Actually, it’s more correct to say they glossed the findings over with a thick coating of shiny stuff.
Air Study Shows No Harmful Levels of Benzene, Other Compounds in Fort Worth and Arlington, District 2
Posted on: Wednesday, July 14, 2010 – 09:08
From the BSEEC/Titan Engineering air study final report:
“it is TITAN’s opinion that the elevated formaldehyde concentrations are not being caused by NG Site operations, but instead are being caused by both vehicular traffic and an unidentified source located to the near south/southwest of the NG Site. During the sampling event, TITAN field personnel did not [however] identify any type of emission source that could have caused or contributed to the formaldehyde concentrations”.
The truth, delivered to us Monday in a presentation at the EPA meeting by Houston Advanced Research Center is that formaldehyde levels are more than TWICE the levels in the Houston Ship Channel—2.4 times to be exact.
What do the experts say about formaldehyde?
The US Environmental Protection Agency (EPA) has classified formaldehyde as a probable human carcinogen (cancer-causing substance) under conditions of unusually high or prolonged exposure.
The US National Toxicology program lists formaldehyde as “reasonably anticipated to be a human carcinogen.”
The International Agency for Research on Cancer (IARC), part of the World Health Organization (WHO), has concluded that formaldehyde is a known human carcinogen
North Texas air is worse than the Houston Ship Channel thanks to the Barnett Shale.
Earlier in the year, TCEQ Toxicologist, Shannon Ethridge, compared the levels of benzene in our air to that of the Houston Ship Channel.
However, some of the TCEQ’s testing so far in the Barnett Shale area has shown “some of the highest benzene concentrations we have monitored in the state.” She compared some of the DFW area emissions to those found in the highly industrialized Houston Ship Channel area. LINK
Now we learn that our formaldehyde levels are worse than the Houston Ship Channel.
Here are the numbers:
TCEQ Effects Screening Level (ESL) for HCHO (formaldehyde):
- Acute Short-Term (1 hr): 12 ppb
- Chronic (1 yr): 4.5 ppb (cancer endpoint) This is the important number to me because I live here long-term.
Max 2 hr urban roadside concentrations observed in U.S.
- 17 ppb (HEI, 2007) MAXIMUM from cars
Max 1 hr HCHO in Houston Ship Channel:
- 52 ppb
Barnett Shale levels of formaldehyde:
- 69 ppb
- 81 ppb
- 100 ppb
- 114 ppb
- 127 ppb (2.4 times higher than Houston Ship Channel and 7.5 times higher than maximum roadside levels.)
Following the recommendations in DRILL RIGHT TEXAS: Best oil & gas development practices for Texas would greatly improve these emission problems but industry has shown they will not employ these technologies willingly.
On August 2, The Fort Worth Business Press published an opinion written BSEEC director Ed Ireland.
That is why we chose a licensed engineering firm whose professional engineering stamp on the final report means they are subject to criminal penalties and a loss of their licenses should any information be falsified or inaccurate.
Note to BSEEC, Titan Engineering and BSEEC toxicologist, Dr. Janet Kester:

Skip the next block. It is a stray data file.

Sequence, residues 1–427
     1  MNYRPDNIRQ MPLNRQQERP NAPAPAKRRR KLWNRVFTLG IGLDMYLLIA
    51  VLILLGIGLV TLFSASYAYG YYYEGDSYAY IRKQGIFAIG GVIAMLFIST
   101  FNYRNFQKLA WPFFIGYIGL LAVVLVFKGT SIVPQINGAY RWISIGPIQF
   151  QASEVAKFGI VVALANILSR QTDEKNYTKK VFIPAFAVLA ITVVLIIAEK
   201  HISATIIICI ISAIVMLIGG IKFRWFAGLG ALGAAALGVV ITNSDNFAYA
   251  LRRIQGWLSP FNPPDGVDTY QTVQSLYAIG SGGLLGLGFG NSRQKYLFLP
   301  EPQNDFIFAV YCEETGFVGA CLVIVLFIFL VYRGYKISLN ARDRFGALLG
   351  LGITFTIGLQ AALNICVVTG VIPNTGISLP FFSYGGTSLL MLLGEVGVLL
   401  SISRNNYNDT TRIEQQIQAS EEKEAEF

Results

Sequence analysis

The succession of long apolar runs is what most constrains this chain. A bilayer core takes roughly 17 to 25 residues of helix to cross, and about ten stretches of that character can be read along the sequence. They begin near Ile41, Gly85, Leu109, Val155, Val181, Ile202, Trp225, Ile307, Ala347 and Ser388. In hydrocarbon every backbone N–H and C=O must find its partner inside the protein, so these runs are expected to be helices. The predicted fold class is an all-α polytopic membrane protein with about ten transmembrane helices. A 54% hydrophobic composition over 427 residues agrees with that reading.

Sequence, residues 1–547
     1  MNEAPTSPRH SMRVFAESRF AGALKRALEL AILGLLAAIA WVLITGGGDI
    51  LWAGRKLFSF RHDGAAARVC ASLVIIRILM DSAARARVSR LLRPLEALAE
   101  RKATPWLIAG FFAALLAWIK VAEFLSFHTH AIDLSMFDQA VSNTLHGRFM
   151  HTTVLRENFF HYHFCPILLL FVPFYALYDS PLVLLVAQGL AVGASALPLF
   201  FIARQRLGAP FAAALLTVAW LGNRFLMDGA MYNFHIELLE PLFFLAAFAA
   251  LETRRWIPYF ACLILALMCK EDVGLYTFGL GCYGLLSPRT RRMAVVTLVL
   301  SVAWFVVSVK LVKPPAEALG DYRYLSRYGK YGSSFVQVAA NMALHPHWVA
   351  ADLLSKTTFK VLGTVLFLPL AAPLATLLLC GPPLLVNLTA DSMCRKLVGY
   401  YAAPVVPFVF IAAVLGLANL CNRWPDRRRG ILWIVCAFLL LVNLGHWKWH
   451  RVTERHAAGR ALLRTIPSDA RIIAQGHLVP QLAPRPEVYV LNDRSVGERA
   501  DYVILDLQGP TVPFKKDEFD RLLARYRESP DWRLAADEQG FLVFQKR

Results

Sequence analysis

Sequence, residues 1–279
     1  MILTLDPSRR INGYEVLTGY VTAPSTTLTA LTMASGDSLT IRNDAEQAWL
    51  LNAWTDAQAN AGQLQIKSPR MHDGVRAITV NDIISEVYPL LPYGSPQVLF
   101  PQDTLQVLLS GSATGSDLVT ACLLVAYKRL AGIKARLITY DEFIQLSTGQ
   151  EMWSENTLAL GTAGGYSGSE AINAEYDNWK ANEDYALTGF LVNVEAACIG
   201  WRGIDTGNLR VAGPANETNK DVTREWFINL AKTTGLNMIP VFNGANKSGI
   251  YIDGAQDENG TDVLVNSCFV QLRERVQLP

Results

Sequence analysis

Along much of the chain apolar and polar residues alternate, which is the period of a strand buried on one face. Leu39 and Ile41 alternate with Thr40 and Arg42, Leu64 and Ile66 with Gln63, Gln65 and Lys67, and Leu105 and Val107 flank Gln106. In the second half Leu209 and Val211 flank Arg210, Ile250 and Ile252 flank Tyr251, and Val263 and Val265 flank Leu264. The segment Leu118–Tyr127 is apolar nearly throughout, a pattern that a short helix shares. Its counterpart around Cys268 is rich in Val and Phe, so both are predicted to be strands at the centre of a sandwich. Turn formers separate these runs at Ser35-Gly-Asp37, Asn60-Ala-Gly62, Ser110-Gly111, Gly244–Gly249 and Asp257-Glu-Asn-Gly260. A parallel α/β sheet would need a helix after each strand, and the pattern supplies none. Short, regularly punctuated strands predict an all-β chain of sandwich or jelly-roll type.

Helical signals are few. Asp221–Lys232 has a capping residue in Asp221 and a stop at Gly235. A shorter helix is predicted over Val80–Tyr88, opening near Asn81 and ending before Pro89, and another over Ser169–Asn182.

In case you notice that your credibility is missing, check here:
Formaldehyde presentation by HARC at EPA meeting
For the latest updates on formaldehyde in the Barnett Shale and associated health effects, follow the formaldehyde label.
About Sharon Wilson
Sharon Wilson is considered a leading citizen expert on the impacts of shale oil and gas extraction. She is the go-to person whether it’s top EPA officials from D.C., national and international news networks, or residents facing the shock of eminent domain and the devastating environmental effects of natural gas development in their backyards.
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Mike H. says
"The formaldehyde comes from fish in the nearby ponds burping."
At least I'm expecting that kind of irresponsible claim about this finding.
Many engines that burn natural gas as a fuel can and do produce formaldehyde–depending upon engine quality. These include compressor stations, amine reboilers and glycol dehydrators. Also flares also produce it. Lots of formaldehyde in Booger County, also a lot of cancer there!
Spoke to Mr Ed Irland tonight at the Ft Worth meeting and the offsite formaldehyde was coming from a combustion source nearby and I said well the power plant is near and he said that must be the source. It was a very frustrating night-not all that informative as I tried to weed out the industry hyped up answers-good crowd to be on the look out for such. I enjoyed in a sick kinda way telling him about the dead fish in Lake Arlington …a writer on another blog said "Of course it MUST be hot water….because methane leaking from the drilling under the lake would be bad…right?"
kim Feil says
update..if Ed Ireland wants to think the offsite sources contributed to the high formaldehyde in 2010…don’t look to the power plant cause here is some info on how they have clean-up… http://barnettshalehell.wordpress.com/2012/10/30/formaldehyde-just-wont-go-away-in-barnett-shale-hell/
HANDLEY POWER PLANT HUGE IMPROVEMENT in……
YEAR SO2 NOX
1997 33 tons 4,774 tons
1998 12 tons 4,871 tons
1999 13 tons 3,301 tons
2000 141 tons 3,684 tons
2001 48 tons 2,005 tons
2002 8 tons 2,022 tons
2003 10 tons 937 tons
2004 4 tons 211 tons
2005 3 tons 61 tons
2006 3 tons 59 tons
2007 2 tons 21 tons
2008 2 tons 29 tons
2009 2 tons 39 tons
2010 1 tons 46 tons
2011 3 tons 56 tons
I’m thinking they were enjoying a blowdown event and forgot that Titan was to be air testing or that they had an unplanned emission event while Titan was air testing…open records oughta uncover that? we’ll see.
It’s from the combustion onsite and is part of the typical operating.
I thought it was a super meeting.
1. I cannot recall another time when BSEEC appeared when there was an opposing view.